H Dickie Brennan’s Bourbon House Seafood 144 Bourbon St., 522-0111, BourbonHouse.com. B, L, D daily, Br Sun. Classic Creole dishes, such as redfish on the halfshell, and an Oyster Bar. Its extensive bourbon menu will please aficionados. $$$$ Dickie Brennan’s Steakhouse Steakhouse 716 Iberville St., 522-2467, DickieBrennansSteakhouse.com. L Fri, D daily. Nationally recognized steakhouse serves USDA Prime steaks and local seafood. Validated Parking next door. $$$$

H Doris Metropolitan Steakhouse 620 Chartres St., 267-3500, DorisMetropolitan.com. L Fri-Sun, D daily. Innovative, genre-busting steakhouse plays with expectations and succeeds with modernist dishes like their Classified Cut and Beetroot Supreme. $$$$ El Gato Negro World 81 French Market Place, 525-9752, ElGatoNegroNola.com. L, D daily. Central Mexican cuisine along with

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hand-muddled mojitos and margaritas made with freshly squeezed juice. A weekend breakfast menu is an additional plus. $$ Galatoire’s Louisianian Fare 209 Bourbon St., 525-2021, Galatoires.com. L, D Tue-Sun. Friday lunches are a New Orleans tradition at this world-famous French-Creole grand dame. Tradition counts for everything here, and the crabmeat Sardou is delicious. Note: Jackets required for dinner and all day Sun. $$$$$

H GW Fins Seafood 808 Bienville St., 581-FINS (3467), GWFins.com. D daily. Owners Gary Wollerman and twice chef of the year Tenney Flynn provide dishes at their seasonal peak. On a quest for unique variety, menu is printed daily. $$$$$ Galatoire’s 33 Bar & Steak Steakhouse 215 Bourbon St., 335-3932, Galatoires33BarAndSteak.com. L Fri, D Sun-Thu. Steakhouse offshoot of the venerable Creole grande dame offers handcrafted cocktails to accompany classic steakhouse fare as well as inspired dishes like the Gouté 33: horseradish-crusted bone marrow and deviled eggs with crab ravigote and smoked trout. Reservations accepted. $$$ Hard Rock Café AMERICAN 125 Bourbon St., 529-5617, HardRock.com. L, D daily, Br Sat-Sun. Local outpost of this global brand serves burgers, café fare and drinks in their

rock memorabilia-themed environs. $$ House of Blues Louisianian Fare 225 Decatur St., 310-4999, HouseOfBlues.com/ NewOrleans. L, D daily. Surprisingly good menu complements music in the main room. World-famous Gospel Brunch every Sunday. Patio seating available. $$ Irene’s Cuisine Italian 539 St. Philip St., 529-8881. D Mon-Sat. Long waits at the lively piano bar are part of the appeal of this Creole-Italian favorite beloved by locals. Try the oysters Irene and crabmeat gratin appetizers. $$$$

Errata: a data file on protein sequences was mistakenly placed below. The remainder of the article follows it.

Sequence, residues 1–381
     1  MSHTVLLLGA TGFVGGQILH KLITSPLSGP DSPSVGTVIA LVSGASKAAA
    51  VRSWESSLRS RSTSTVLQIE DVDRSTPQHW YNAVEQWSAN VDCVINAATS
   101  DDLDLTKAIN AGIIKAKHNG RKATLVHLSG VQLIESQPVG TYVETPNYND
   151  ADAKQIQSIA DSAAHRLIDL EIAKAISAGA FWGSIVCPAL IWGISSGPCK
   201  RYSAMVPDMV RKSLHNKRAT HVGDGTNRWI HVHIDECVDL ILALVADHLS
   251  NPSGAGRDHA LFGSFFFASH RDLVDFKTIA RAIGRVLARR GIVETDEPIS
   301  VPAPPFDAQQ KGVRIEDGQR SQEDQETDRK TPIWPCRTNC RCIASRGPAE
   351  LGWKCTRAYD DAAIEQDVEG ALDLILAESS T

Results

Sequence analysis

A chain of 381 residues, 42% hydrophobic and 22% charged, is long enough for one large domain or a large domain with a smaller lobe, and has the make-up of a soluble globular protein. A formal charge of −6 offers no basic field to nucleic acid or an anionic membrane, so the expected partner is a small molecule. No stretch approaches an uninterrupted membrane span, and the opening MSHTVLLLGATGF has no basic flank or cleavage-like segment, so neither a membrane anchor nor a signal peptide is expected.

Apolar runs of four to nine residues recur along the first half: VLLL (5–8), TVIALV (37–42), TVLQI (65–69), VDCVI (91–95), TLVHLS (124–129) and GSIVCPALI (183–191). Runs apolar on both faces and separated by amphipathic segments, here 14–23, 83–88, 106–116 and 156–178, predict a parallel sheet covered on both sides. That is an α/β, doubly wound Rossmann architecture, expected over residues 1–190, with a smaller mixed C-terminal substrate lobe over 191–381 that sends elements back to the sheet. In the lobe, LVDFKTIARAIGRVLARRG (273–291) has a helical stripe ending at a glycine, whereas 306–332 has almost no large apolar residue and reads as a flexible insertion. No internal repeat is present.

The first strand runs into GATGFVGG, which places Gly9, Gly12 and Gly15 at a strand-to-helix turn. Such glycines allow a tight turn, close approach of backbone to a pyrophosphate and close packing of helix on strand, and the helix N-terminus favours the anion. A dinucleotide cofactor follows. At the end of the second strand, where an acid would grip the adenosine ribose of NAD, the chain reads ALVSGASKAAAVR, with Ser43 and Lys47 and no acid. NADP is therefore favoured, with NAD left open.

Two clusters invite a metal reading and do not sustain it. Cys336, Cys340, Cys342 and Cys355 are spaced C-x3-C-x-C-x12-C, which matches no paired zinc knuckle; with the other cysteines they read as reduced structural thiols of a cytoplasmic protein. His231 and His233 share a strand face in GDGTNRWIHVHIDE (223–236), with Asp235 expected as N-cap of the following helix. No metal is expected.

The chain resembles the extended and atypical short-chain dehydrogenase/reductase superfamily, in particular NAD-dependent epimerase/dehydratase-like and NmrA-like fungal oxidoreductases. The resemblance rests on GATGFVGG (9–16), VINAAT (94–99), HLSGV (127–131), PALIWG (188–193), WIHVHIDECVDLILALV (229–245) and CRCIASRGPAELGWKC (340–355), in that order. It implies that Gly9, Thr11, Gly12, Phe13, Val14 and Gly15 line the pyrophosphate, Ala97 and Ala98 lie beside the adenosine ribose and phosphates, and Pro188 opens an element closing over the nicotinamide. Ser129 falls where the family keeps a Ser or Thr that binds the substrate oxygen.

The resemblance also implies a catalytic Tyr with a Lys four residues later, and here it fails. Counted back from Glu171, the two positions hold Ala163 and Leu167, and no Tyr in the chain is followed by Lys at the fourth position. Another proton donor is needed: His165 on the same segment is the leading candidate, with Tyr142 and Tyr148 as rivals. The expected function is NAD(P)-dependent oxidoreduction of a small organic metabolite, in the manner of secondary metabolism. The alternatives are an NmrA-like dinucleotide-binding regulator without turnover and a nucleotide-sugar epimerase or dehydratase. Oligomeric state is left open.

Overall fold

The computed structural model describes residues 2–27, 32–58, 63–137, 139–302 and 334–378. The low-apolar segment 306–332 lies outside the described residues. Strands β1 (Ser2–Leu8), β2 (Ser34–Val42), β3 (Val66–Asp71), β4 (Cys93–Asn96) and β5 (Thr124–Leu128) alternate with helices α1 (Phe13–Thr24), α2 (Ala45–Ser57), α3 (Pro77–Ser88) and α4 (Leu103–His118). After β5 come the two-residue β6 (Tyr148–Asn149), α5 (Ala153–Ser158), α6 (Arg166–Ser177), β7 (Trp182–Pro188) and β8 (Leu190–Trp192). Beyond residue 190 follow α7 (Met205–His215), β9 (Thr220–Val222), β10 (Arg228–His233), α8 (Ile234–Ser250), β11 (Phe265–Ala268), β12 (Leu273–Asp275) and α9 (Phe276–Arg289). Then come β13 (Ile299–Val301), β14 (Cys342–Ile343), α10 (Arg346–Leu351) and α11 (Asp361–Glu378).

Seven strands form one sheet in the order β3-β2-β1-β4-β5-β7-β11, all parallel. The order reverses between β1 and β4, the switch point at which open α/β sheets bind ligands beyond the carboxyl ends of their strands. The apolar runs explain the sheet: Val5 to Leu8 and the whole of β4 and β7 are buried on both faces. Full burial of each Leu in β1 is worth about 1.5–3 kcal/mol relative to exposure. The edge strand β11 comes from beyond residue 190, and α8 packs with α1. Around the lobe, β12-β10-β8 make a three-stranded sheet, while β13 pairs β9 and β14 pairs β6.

H Italian Barrel Italian 430 Barracks St., 569-0198, ItalianBarrel.com. L, D daily. Northern Italian dishes like Braciola di Maiale as well as an exhaustive pasta menu tempt here at this local favorite that also offers al fresco seating. $$$ Killer Poboys Louisianian Fare 811 Conti St., 252-6745, KillerPoboys.blogspot.com. L, D Wed-Mon. This quasi-popup operating out of the Erin Rose Bar serves some of the city’s best poor boys, including one featuring glazed pork belly. $ K-Paul’s Louisiana Kitchen Louisianian Fare 416 Chartres St., 596-2530, ChefPaul. com/KPaul. L Thu-Sat, D Mon-Sat. Paul Prudhomme’s landmark restaurant helped introduce Cajun food to a grateful nation. Lots of seasoning and bountiful offerings, along with reserved seating, make this a


destination for locals and tourists alike. $$$$

H Kingfish Seafood 337 Charters St., 5985005, KingfishNewOrleans.com. L, D daily, Br Sat-Sun. Regionally inspired seafood dishes with carefully sourced ingredients and southern influence is the focus at this chefdriven French Quarter establishment. $$$ Le Bayou Seafood 208 Bourbon St., 5254755, LeBayouRestaurant.com. L, D daily. Blackened redfish and Shrimp Ya-Ya are a just a few of the choices at this seafoodcentric destination on Bourbon Street. Fried alligator is available for the more daring diner. $$$

gumbo, jambalaya and muffulettas, and for sipping, a Sazerac or lemony Pimm’s Cup are perfect accompaniments. $$ NOLA Louisianian Fare 534 St. Louis St., 522-6652, EmerilsRestaurants.com/NolaRestaurant. L Thu-Mon, D daily. Emeril’s more affordable eatery, featuring cedarplank-roasted redfish; private dining. $$$$$ Oceana Grill Seafood 739 Conti St., 5256002, OceanaGrill.com. B, L, D daily. Gumbo, poor boys and barbecue shrimp are served at this kid-friendly seafood destination. $$ Orleans Grapevine Wine Bar and Bistro

H Marti’s French 1041 Dumaine St., 522-

Gastropub 720 Orleans Ave., 523-1930,

5478, MartisNola.com. L Fri, D daily. Classic French cuisine, small plates and chilled seafood platters like Grand Plateau Fruits De Mer are the calling cards for this restaurant with an elegant “Old World” feel. $$$

OrleansGrapevine.com. D daily. Wine is the